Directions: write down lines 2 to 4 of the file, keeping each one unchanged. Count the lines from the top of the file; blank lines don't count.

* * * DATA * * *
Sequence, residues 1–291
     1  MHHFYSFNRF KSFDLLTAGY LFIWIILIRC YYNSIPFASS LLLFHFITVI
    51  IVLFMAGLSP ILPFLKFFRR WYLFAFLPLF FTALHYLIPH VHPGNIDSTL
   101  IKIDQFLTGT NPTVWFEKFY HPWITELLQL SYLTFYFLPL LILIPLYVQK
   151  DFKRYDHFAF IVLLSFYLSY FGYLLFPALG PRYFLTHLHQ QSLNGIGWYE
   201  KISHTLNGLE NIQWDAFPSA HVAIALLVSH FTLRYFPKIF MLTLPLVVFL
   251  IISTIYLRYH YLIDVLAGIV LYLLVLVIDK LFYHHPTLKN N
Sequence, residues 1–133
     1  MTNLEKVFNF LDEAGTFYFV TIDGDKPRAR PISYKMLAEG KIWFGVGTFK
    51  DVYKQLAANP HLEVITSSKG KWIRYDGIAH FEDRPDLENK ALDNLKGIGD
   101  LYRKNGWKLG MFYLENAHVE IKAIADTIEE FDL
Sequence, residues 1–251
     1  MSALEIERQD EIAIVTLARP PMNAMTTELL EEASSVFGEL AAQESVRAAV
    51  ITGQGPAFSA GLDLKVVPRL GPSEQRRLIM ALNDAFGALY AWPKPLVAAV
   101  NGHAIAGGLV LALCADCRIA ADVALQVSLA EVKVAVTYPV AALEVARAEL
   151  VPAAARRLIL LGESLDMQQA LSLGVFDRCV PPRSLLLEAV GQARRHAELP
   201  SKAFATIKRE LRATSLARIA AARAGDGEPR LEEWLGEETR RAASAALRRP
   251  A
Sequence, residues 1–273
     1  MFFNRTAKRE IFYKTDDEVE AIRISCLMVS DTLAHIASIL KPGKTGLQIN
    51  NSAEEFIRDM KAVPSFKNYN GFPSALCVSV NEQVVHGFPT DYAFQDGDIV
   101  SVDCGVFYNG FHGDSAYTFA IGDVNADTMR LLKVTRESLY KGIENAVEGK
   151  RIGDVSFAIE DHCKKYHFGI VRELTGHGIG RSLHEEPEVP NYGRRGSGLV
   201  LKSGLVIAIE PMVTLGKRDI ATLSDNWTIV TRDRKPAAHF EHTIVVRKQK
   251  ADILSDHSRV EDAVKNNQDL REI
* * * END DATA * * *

     1  MHHFYSFNRF KSFDLLTAGY LFIWIILIRC YYNSIPFASS LLLFHFITVI
    51  IVLFMAGLSP ILPFLKFFRR WYLFAFLPLF FTALHYLIPH VHPGNIDSTL
   101  IKIDQFLTGT NPTVWFEKFY HPWITELLQL SYLTFYFLPL LILIPLYVQK